Nothing quite beats the smell of freshly cut grass but if Dunedin designer Stuart Smith has anything to do with it, it won’t be coming to you courtesy of a petrol-powered lawnmower. The 23-year-old’s design has been named one of the three finalists in the annual James Dyson Award, which recognises the next generation of emerging Kiwi product designers who have developed inventions that are innovative and inspire solutions to everyday problems.
The Massey University industrial design student has dubbed his sun-loving and compact invention ‘Dash’ and although its currently only at the 3D model developmental stage, Smith seems to have every last feature worked out down to the wire.
Powered by solar panels and a rechargeable battery, the domestic lawnmower is designed to be charged in four hours with a running time of 45 minutes. Sounds good so far. But Smith has taken the design one step further by also including an internal mulching system to turn clippings into lawn fertiliser. Other features include ergonomic benefits such as a telescopic handle for height adjustment and a compact size that allows for easy use and storage.
Head judge and DINZ member David Lovegrove was particularly impressed to see a project incorporating sustainability into its design, adding that is was a well presented and researched concept, with Smith showing talent at model making and translating ideas into a well resolved product.
The next finalist product could possibly be used in conjunction wit the solar mower — if you’re the type of person that likes to mow and run. ‘Transition’, the design of Massey University graduate Nicholas Couch, is a shoe designed for barefoot running. Come again? The whole theory goes that people who want to take up barefoot running need to use a changeover shoe so as to build up muscle strength in the legs and feet and avoid any injuries. There are actually changeover shoes already available on the market but the real kicker for the Transition is that it is the only sustainable barefoot-style design that features replaceable and recyclable parts. Nice one.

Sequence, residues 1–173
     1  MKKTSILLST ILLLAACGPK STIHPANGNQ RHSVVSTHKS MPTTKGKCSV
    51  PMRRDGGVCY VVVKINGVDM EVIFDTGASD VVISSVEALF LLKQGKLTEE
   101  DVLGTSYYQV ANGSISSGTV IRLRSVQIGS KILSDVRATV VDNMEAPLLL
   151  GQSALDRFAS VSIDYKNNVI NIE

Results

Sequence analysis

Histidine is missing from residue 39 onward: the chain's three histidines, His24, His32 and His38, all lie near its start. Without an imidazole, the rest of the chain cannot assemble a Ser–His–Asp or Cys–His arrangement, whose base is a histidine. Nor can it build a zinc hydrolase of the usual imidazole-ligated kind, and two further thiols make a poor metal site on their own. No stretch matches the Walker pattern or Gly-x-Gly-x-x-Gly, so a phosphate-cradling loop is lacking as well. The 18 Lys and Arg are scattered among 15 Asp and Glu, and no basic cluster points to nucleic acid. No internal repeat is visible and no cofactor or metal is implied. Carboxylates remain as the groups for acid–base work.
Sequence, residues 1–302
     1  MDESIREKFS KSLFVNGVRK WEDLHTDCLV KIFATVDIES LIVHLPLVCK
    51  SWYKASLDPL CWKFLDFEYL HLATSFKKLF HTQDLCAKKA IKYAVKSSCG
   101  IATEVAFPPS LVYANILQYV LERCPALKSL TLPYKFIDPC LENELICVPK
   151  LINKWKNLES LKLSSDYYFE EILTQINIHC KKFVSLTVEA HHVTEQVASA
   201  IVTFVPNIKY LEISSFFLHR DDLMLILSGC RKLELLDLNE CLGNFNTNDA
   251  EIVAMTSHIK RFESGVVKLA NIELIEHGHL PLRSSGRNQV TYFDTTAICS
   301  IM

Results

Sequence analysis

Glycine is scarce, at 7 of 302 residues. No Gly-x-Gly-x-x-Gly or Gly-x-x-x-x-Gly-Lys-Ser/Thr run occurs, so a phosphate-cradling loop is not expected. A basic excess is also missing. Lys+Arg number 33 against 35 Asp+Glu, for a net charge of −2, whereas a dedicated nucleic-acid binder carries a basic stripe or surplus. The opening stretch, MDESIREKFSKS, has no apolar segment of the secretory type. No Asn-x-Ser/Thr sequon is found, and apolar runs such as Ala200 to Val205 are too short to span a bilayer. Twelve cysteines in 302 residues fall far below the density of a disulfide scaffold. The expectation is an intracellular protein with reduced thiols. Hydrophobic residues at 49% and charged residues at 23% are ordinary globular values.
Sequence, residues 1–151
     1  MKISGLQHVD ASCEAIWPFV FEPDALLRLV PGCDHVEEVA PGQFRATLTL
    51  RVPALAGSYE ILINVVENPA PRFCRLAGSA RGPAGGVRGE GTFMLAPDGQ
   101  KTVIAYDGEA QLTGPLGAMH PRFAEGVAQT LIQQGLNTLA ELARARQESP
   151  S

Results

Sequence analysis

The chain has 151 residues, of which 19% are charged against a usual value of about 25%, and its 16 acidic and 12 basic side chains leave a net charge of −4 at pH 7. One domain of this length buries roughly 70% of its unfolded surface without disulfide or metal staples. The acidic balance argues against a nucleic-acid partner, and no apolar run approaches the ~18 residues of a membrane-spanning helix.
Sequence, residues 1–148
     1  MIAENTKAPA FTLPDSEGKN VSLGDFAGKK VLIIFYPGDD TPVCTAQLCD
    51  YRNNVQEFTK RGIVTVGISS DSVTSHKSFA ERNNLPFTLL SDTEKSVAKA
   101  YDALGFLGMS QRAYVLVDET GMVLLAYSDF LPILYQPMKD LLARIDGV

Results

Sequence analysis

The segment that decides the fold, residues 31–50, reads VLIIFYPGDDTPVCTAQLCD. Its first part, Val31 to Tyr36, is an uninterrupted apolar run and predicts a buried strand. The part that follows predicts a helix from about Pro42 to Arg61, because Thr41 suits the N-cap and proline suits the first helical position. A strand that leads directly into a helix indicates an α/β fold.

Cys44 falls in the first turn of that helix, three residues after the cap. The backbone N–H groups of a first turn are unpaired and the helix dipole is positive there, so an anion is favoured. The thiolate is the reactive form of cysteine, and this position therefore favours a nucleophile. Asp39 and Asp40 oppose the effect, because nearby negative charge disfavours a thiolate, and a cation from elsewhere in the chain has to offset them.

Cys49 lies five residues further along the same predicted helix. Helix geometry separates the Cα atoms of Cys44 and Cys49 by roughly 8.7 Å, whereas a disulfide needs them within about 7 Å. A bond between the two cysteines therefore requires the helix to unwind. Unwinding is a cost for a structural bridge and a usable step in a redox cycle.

According to Couch, a whopping 350,000 million sports shoes are purchased and discarded each year around the world. The problem here is that it’s often only one part of the shoe that needs replacing, yet the whole shoe inevitably gets thrown out.
Couch has addressed this problem by creating a shoe made up of five parts, each designed to be discarded only when required, naturally extending the life of the shoe. And, because the discarded parts are made without the use of glue adhesives, they can be broken down into their original matter or recycled.
Lovegrove was once again impressed by the sustainability factor of the design, saying Transition focuses on a niche sporting application and its design could reduce the carbon footprint of the entire footwear industry. Not a bad feat.
Completing the finalist announcement is Nextstep, a prosthetic leg that uses powerful magnets to provide amputees with greater flexibility and a more comfortable walking experience. Neodymium magnets are placed behind the knee to create force and movement, allowing the leg to extend, followed by magnets in front of the knee connecting, locking the knee and completing the walking motion. A similar reaction is repeated in the ankle area.
Nextstep is the clever creation of Auckland-based engineer and Victoria University industrial design graduate Cameron Lightfoot. Lightfoot’s inspiration came after reading about the frustrations amputees encountered when fitted with prosthetic legs that offer limited movement – usually restricted to the knee. And at $35,000 a pop, prosthetic legs don’t come cheap so Lightfoot set-out to come up with a design that would resolve issues of both price and movement — a combination which found him favour with the judges.
Fellow judge, Ingrid Leary from British Council New Zealand, said of a record 30 entries judged, the short listed three are examples of Kiwi ingenuity at its best.
“The finalists have shown great skill at demonstrating their ideas with robust research and realistic models. We hope this will be recognised by industry and investors who may be willing to support these designers in bringing these original products to market.”
The winner of the New Zealand competition will be announced at a ceremony in Auckland on 25 August. For their winning efforts, they’ll fly to the UK to visit Dyson and will also meet with London’s top product and design companies. They’ll also snag a handy $3000 cash prize for travel, plus a fee package from the Intellectual Property Office of NZ (IPONZ), $3000 of legal fees from Farry.Co and a Dyson vacuum cleaner.
Ten New Zealand entries, including the three national finalists, will progress to online judging in the international James Dyson Award competition.The global James Dyson Award winner will be announced in November 2011 and together with their university, they will win a total prize fund of £20,000 or local currency equivalent.
The award is run by the James Dyson Foundation, James Dyson’s charitable trust, as part of its mission to encourage the next generation of design engineers to be creative, challenge and invent.
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